The libraries were prepared from mRNA isolated from leaves collected from both non-inoculated and CTV inoculated specimens at the same developmental stage. RNA extraction, cDNA and sequencing were done according to Targon et al. (in this issue).

EST sequencing and data analysis

Sequencing was carried out using the Big Dye Terminator v.3 Kit as described by the manufacturer (Perkin-Elmer). Products were separated by capillary electrophoresis using an ABI 3700 sequencer (Applied Biosystems).

In silico hibridization and functional annotation

For comparison of the libraries, we performed an in silico hybridization analysis. The in silico hybridization methodology included a clusterization of all transcripts from both libraries, using the CAP3 tool (Huang and Madan, 1999), with the default parameters. Furthermore, for each tentative consensus (TC) sequence, the relative abundance of transcripts was calculated, using a correction factor of 10,000 for normalization. The differential in silico expression was then evaluated using statistic verification (Audic and Claverie, 1997). We considered differential expression as the possibility of a random transcript abundance distribution, for a given TC, to be equal to or lower than 5% (P-value < 0.05). Automatic categorization over the tentative consensi (TC) was performed as well, using the Munich Center for Proteins and Sequences Functional Categories (MIPS) v. 1.3 (http://mips.gsf.de). Comparative genomics was carried out through TC comparison against the GenBank protein database, using the Blastall implementation of the BLAST algorithm (Altschul et al., 1997). More details on the bioinformatics analyses can be found at Reis et al. (in this issue).

 

Results and Discussion

Differential expression and functional annotation

We generated a total of 17,867 ESTs from Poncirus trifoliata, with 8,926 reads coming from CTV inoculated and 8,941 reads from the control source. A total of 2,782 TCs (Tentative Consensi sequences) were obtained using both cDNA libraries in a single clusterization procedure. Through the in silico hybridization approach, 289 TCs were identified as differentially expressed in the two libraries. A total of 121 TCs out of these were found to be putatively overexpressed in plants infected with CTV (Table 1), while 168 TCs were potentially underexpressed. The 121 overexpressed TCs were grouped in 12 primary functional categories and the 168 underexpressed TCs were grouped in 16 categories (data not shown). An overview of the functional categorization of the putative overexpressed TCs with known or predicted functions is presented in Figure 1.

 



 

 

 

The largest set of genes (29.75%) was assigned to the metabolism category, while genes involved in transcription constituted the smallest group, comprising less than 2.47% of the genes. Genes involved in signal transduction and protein destination/storage were 4.95%. Genes implicated in stress/defense response constituted 15.70% of the infected cDNA collection. Proteins with unknown functions corresponded to 21.48%. They were similar to already sequenced plant genes of unknown function and might be an additional source of genes participating in the expression of citrus in response to biotic stresses.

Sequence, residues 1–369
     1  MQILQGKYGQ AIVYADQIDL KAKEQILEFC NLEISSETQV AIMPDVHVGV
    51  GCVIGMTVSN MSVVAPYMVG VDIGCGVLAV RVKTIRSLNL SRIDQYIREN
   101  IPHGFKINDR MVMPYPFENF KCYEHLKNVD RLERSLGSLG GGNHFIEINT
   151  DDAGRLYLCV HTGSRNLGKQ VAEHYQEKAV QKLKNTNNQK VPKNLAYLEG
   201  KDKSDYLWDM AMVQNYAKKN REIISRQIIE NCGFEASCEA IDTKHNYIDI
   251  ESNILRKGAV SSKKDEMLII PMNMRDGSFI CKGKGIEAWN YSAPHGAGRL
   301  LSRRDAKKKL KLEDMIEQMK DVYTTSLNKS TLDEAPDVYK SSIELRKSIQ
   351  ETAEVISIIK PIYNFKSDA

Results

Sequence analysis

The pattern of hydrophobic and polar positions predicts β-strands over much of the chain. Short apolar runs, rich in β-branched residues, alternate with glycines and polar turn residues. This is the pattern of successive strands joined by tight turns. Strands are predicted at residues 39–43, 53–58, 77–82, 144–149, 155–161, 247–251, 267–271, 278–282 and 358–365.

General responses to the Citrus tristeza virus

Synthesis of phenylpropanoids

We identified several genes involved in the biosynthesis of defense-related secondary metabolites (phenylpropanoids and phytoalexins). Together, these metabolites function in a variety of defense-related processes, including the induction of wound response, antimicrobial and antifungal defense, and antioxidant defense (Verica et al., 2004).

In the present work, we identified six putative proteins encoded by the overexpressed genes related to phenylpropanoids: 4-coumarate-CoA ligase, anthralinate N-benzoyltransferase, flavonol synthase, cinnamoyl CoA-redutase, caffeic acid-O-methyltransferase and anthocyanin 5-aromatic acyltransferase. The 4-coumarate-CoA ligases belong to a group of enzymes necessary for maintaining a continuous metabolic flux for the biosynthesis of plant phenylpropanoids, such as lignin and flavonoids, which are essential for the survival of plants. Thus, hydroxycinnamoyl-CoA:shikimate /quinate hydroxycinnamoyl transferase seems to control the biosynthesis and turnover of major plant phenolic compounds such as lignin and chlorogenic acid. Benzoyl-CoA:anthranilate N-benzoyltransferase catalyzes the first committed reaction of phytoalexin biosynthesis in carnation (Dianthus caryophyllus L.) (Reinhard and Matern, 1989).

Only a few studies have demonstrated the antiviral activity of phenylpropanoids against plant viruses (Chong et al., 2002). However, a range of flavonoids inhibit the infectivity of Tobacco mosaic virus (TMV) (French et al., 1991). Up-regulation of the flavonol synthase encoding gene reported here may be involved in such a resistance mechanism in P. trifoliata against CTV.

Cell wall changes

Cell wall reinforcement and thickening are associated with plant defense during resistance responses. In this study, we found two TCs (cinnamoyl-CoA reductase and caffeic acid-O-methyltransferase) whose expression is associated with lignification in several dicot species (Ye, 1997; Ye et al., 2001). Lignin is a complex phenolic polymer that reinforces the walls of certain cells in higher plants. Such reinforcement is an effective defense response against infection by pathogens (Kawasaki et al., 2006). In addition, many antimicrobial substances such as phytoalexins are known to be produced by the monolignol synthetic pathways. It is therefore likely that lignin and lignin-related compounds with antimicrobial activities cooperatively play important roles in disease resistance of various plant species. Lignin synthesis was induced in soybean leaves inoculated with Soybean mosaic virus (SMV) (Hajimorad and Hill, 2001).